Americans don't expect the oil industry to help reduce the budget deficit, the CEO of Chevron told Congress Thursday as lawmakers consider cutting billions in government subsidies to big oil companies.
"I don't think American people want shared sacrifice," John Watson, CEO of Chevron, said at a Senate Finance committee hearing today. "I think they want shared prosperity."
"I'm not out of touch at all," said Rex Tillerson, CEO of Exxon Mobil. "We do understand the big picture. We do understand the enormous challenges confronting the American people with respect to this enormous deficit that has to be dealt with."
But Sen. Jay Rockefeller, D-W.Va., said the oil companies' unwillingness to turn over their tax subsidies showed they were "out of touch."
"I think you're out of touch, deeply profoundly out of touch and deeply and profoundly committed to sharing nothing," Rockefeller said. "You never lose. You've never lost. You always prevail."
Senate Democrats pounded executives from the country's five largest and most profitable oil companies – BP America, Chevron, ConocoPhillips, ExxonMobil and Shell – about accepting taxpayer subsidies while gas prices continue to rise.
"I find it hard to understand how you can come here before this committee and the American people and say, when you are projected to make $125 billion in profits this year," Sen. Bob Menendez, D- N.J., said. "That somehow the loss of $2 billion a year, which means you only make $123 billion in profits, is somehow so punishing, somehow not part of shared sacrifice, somehow you need to go back at them at the pump to make up for it."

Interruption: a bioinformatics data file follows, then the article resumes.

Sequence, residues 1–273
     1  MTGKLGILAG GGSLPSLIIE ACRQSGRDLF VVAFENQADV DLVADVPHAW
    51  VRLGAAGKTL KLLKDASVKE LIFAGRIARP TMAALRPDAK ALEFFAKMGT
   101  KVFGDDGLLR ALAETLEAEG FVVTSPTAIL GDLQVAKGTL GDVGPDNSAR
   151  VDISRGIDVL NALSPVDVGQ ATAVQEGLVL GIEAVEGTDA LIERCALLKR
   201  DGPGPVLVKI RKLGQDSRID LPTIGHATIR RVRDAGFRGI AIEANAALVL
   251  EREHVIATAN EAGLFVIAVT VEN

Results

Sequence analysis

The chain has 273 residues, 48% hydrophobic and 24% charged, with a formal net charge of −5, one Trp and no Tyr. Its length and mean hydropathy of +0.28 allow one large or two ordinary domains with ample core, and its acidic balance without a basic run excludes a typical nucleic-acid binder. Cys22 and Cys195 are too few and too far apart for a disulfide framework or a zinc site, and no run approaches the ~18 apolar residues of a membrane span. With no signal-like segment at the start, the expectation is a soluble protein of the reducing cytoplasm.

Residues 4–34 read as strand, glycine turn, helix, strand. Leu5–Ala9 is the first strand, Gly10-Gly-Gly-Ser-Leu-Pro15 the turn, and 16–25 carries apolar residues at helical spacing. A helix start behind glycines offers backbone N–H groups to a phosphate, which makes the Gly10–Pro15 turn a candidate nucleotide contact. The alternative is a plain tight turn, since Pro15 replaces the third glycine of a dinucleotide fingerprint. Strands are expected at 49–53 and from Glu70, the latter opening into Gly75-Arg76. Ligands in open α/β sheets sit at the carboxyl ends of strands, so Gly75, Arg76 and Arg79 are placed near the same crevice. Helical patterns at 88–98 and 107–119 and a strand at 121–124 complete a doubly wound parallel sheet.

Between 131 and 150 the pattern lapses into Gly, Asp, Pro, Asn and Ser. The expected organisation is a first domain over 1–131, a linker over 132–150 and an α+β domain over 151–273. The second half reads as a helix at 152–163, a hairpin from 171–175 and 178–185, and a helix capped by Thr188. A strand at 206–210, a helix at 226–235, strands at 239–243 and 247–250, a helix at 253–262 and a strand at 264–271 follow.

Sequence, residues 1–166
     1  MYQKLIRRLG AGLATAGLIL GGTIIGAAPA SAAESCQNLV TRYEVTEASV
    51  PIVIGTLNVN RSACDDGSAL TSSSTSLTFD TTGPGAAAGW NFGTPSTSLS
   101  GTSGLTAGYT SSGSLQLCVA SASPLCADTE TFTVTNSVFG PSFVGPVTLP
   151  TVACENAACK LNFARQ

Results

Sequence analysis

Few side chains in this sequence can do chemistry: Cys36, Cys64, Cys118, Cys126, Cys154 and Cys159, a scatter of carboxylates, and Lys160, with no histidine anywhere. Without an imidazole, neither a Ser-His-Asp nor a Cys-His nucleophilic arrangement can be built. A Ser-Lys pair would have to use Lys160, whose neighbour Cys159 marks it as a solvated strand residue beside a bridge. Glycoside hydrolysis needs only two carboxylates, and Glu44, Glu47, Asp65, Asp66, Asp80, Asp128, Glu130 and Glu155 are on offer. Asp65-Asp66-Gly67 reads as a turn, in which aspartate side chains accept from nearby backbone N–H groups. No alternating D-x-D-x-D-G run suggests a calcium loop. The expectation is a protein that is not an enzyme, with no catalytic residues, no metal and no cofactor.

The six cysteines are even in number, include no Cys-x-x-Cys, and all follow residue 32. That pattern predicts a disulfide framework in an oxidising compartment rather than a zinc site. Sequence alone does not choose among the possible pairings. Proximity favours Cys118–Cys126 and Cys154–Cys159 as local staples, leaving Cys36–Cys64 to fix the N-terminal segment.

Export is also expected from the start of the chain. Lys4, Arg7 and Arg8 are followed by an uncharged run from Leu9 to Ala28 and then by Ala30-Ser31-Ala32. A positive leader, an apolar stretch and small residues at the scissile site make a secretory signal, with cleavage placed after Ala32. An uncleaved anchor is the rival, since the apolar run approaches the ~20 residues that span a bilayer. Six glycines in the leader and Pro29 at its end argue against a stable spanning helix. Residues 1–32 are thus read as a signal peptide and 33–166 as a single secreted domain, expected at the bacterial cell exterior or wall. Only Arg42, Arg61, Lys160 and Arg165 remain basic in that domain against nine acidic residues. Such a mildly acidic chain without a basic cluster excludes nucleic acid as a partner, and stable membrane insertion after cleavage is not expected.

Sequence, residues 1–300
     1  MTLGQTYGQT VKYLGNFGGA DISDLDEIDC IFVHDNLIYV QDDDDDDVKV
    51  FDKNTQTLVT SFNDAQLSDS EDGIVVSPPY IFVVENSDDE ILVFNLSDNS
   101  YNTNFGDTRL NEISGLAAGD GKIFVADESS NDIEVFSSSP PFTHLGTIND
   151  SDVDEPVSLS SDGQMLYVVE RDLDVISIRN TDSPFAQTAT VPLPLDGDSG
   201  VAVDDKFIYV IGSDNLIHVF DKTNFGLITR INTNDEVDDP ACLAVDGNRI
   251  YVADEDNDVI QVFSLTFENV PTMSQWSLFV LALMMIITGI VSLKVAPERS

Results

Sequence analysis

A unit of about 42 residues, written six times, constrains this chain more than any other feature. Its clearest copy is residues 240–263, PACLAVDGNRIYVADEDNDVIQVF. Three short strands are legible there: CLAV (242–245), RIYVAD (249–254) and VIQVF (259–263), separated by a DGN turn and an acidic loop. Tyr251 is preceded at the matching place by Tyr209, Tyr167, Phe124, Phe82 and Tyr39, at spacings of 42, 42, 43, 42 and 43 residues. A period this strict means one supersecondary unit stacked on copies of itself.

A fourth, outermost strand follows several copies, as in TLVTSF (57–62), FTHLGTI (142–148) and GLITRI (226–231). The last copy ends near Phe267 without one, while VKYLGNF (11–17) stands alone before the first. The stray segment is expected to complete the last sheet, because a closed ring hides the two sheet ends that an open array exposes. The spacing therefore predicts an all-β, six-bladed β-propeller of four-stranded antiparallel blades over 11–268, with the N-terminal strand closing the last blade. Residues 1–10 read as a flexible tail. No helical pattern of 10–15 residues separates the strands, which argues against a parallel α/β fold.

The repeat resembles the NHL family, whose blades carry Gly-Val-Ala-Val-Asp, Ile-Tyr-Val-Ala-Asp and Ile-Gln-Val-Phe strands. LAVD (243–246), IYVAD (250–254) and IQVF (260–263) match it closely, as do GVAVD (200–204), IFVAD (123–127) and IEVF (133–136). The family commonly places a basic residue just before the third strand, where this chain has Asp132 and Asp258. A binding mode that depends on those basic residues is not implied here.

It is all part of an effort by Democrats to push a new bill that would scrap tax breaks for the five companies, the biggest and most profitable ones in the country. Democrats want to cut about $2 billion per year in tax subsidies for the companies and use the savings to pay down the nation's soaring federal deficit.
Sen. Ron Wyden, D-Ore., pointed to a 2005 hearing where the CEOs of the major oil companies said incentives were not needed for oil and gas companies to conduct exploration.
"Conditions today were pretty much like they were in 2005," Wyden said. "I just can't understand how even if you account for all the possibilities in the world how you can make the case that you need these industry-specific incentives when oil is at $10 a barrel when you told me you didn't need them at $55."
But the oil executives clung to the belief that cuts to their tax subsidies would be unfair and would stifle job creation and economic growth.
"It is not simply that they are misinformed and discriminatory. But they are counterproductive," Tillerson said.
"Don't punish our industry for doing its job well," Watson said.
The panel's top Republican Orrin Hatch rose to the defense of the oil executives, calling the hearing a "dog and pony" show.
"If you're going to do this you should treat them fairly along with all the other companies that receive some type of tax expenditures," Hatch said. "I don't want them mistreated just because they're an industry that people hate and they're supposed to be 'big.'"
Sen. Chuck Schumer, D-N.Y., challenged the oil executives by asking if other initiatives, such as student loans, should be sacrificed instead of gas companies' subsidies when deciding how to reduce the national deficit.
"Do you think that your subsidy is more important than the financial aid we give to students to go to college?" Schumer asked.